Written by Cortney Connolly

On a brisk February morning, I entered the Bohemian Hall to a large well-dressed crowd that stood in attendance for the fourth edition of Fashinnovation. Excitement filled the room as small chatter buzzed in the back of the venue. Before the conference began, I had a chance to look at the neatly placed Boxed Water bottles and varieties of tables set up to promote new businesses which uphold  a promise to produce ethical and sustainable products. These companies and organizations set the theme for the conference: initiative for a better tomorrow. The event’s motto, “Fashion is to love” encompassed every aspect of the event, from the hosts to the panels, stands, and audience.  

By 9:45 the chic participants sat down and were greeted by charismatic host, Ricky Mendez, where his energy electrified and informed the crowd about the pending topics and panels. Then, Simon Collins, founder of WeDesign.org graced the mainstage to present a speech about cleaner product consumption practices. 

Eventually, the first panel began, featuring Arielle Charnas, founder of up and coming clothing brand, Something Navy, and Matt Scanlan CEO of Naadam, Something Navy, and Thakoon. The focal point of the discussion was how to build a brand with direct discussion with the consumer. Charnas started as a fashion blogger and as her fan base grew, she began collaborations with Nordstrom that carried sold out collections. With a staggering 1.3 million Instagram followers, she now credits her success to the direct feedback she received from supporters. As an entrepreneur, Charnas shows the importance of creating a transparent relationship with the consumer and in doing so, both consumer and company can find success. Not only does this mentality help with satisfaction on both ends of production, but it gives the brand a chance to educate the consumer and increase transparency with respect to sustainability and ethics. 

Fashinnovation represents the connection between “entrepreneurship, innovation and technology within the fashion industry.” The panel “FASHION is Sustainability and Creating Impact” adhered initiative through the feature of Blue Bite, a new software that provides an accessible method of product education for consumers. CEO and Co-founder Mikhail Damiani, introduced the product as “taking everyday items to be played within digital areas for consumers.” Damiani mentioned that this product would be the future of shopping, in which the consumer with the scan of a QR code or NFC could easily find information on the history and labor practices of the product. This technology aids in inspiring more sustainable and educated choices. In addition, Blue Bite also works for authentication, experiences, and tracking the life of merchandise from purchase to reselling and eventually retirement.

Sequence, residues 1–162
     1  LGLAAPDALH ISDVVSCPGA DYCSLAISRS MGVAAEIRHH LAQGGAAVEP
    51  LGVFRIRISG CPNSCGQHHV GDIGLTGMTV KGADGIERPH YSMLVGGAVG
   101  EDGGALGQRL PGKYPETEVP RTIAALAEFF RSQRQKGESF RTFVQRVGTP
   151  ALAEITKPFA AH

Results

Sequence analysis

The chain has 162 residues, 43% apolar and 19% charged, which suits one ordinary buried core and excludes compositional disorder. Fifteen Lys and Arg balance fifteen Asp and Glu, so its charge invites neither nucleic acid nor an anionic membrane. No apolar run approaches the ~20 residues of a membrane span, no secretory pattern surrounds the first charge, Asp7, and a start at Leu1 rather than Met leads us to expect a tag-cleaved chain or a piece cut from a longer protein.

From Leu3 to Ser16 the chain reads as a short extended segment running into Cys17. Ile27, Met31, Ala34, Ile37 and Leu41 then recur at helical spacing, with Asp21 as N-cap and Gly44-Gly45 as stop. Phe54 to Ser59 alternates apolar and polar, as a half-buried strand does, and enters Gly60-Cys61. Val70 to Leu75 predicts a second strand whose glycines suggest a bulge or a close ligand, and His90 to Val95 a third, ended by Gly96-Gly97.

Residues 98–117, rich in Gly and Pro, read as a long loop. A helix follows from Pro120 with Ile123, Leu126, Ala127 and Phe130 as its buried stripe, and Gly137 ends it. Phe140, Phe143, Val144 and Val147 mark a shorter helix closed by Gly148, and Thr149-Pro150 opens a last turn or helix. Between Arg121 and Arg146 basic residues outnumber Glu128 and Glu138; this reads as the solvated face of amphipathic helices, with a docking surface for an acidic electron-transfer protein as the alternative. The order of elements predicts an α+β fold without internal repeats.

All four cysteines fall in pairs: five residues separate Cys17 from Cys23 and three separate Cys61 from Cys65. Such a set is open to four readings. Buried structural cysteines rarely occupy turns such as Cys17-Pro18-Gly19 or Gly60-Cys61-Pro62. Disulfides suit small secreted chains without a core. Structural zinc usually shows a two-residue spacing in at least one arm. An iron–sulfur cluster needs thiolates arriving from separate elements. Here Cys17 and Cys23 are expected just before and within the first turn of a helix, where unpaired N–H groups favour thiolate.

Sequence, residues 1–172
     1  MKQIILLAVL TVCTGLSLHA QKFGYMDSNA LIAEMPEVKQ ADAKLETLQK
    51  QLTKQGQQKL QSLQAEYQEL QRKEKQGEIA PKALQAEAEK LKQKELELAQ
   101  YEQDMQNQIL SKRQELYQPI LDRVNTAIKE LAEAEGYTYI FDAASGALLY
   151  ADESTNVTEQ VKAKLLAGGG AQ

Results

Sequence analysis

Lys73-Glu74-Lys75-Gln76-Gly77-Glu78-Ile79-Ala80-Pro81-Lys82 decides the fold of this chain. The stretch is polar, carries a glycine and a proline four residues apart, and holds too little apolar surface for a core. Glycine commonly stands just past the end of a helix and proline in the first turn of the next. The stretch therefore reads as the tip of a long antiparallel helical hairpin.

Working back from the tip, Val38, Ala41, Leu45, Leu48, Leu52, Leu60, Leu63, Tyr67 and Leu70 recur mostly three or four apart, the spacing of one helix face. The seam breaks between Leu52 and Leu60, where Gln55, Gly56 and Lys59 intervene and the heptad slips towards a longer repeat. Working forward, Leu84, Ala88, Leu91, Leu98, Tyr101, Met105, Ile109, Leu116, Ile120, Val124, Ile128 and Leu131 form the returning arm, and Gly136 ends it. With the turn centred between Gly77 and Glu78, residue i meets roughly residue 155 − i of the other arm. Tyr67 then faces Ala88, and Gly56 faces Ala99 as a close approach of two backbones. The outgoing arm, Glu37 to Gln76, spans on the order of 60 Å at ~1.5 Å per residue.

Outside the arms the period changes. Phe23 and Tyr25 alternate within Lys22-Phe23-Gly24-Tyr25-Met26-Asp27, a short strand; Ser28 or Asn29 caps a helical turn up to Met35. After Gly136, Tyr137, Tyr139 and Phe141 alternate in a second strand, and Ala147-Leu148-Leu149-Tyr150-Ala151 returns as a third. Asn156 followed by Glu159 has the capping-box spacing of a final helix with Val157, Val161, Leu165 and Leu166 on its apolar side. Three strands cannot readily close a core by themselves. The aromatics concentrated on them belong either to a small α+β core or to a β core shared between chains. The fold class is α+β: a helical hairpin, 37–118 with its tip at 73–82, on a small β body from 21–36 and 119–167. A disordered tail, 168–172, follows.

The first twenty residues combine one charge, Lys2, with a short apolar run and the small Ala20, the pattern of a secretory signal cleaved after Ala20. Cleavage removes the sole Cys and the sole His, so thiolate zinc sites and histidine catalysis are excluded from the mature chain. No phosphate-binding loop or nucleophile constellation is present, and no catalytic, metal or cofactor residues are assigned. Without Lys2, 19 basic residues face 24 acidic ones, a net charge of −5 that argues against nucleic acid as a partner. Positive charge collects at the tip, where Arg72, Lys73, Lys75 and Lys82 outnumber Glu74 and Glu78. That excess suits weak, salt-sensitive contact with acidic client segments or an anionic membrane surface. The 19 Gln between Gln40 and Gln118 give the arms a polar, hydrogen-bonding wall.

Photo Credit: Stanely Steril

The panel titled ‘Fashion is Sustainability in Creativity an Impact’ featured Thania Peck founder of fashion blog Catcher in the Style, Kimberly Berry Haisch CEO of KBH Jewels, Amanda Gomes co-founder of Satya Beachwear, and Lucie Brigham chief of office for partnerships for the United Nations. Sustainability and ethical practices take commitment, noted Peck, as she referenced each organization’s devotion to education and innovation for a cleaner method of output. 

The jewelry industry does not require regulation on sourcing and creating pieces. However, KBH Jewelry, prioritizes raising the standards in jewelry production by sourcing their products through reclaimed gold and cultivated diamonds. Haisch mentioned her drive to create a circular method of production, “gold mining creates an output of mercury, why mine when gold can be recycled without degradation?” KBH Jewels displays what it means to be a changemaker. Haisch states that first and foremost quality holds priority in the creation of jewelry. However, sustainability and ethics happen to be part of that initiative. 

As the panel progressed, moderator Lucie Brigham questioned how the consumer should take action. Peck responded that consumers must hold their brands responsible, “as consumers we must educate ourselves.” As a one of the most important parts of any market, the consumer has the power to change production practices. The future looks bright as Peck mentioned major retailers will be dropping brands for lack of sustainability. Every choice by the consumer and company contributes to change. The segment dictated the importance to educate both the market and producer to acknowledge how each purchase impacts the world.  


Fashinnovation Founders Jordana Guimarães (dress: FARM Rio) and Marcelo Guimarães (suit: Hall Madden; shirt: Jason Naylor)

Photo Credit: Stanely Steril

From panel to panel, the theme of compassion and action inspired the community to lead the fashion industry towards a brighter tomorrow. “Fashion is to Love” means caring for one’s self in growth and education, being conscious of how our actions influence the world around us, and finding communication between brand and consumer to build a relationship that will reap fantastic outcomes. Fashinnovation reminds us all that we are in this journey together and with a community, one can accomplish incredible advances. 

To be a part of the movement, visit fashinnovation.nyc or contact info@fashinnovation.nyc. (Follow on Facebook, Twitter, and Instagram.)

Cortney Connolly is passionate about learning, experiencing, and creating stories through writing to internally enlighten herself and potentially others. Her interests lie in discovering new methods of art and ultimately in the translation of new ideas and how they impact the world. 

IG @cortneylconnolly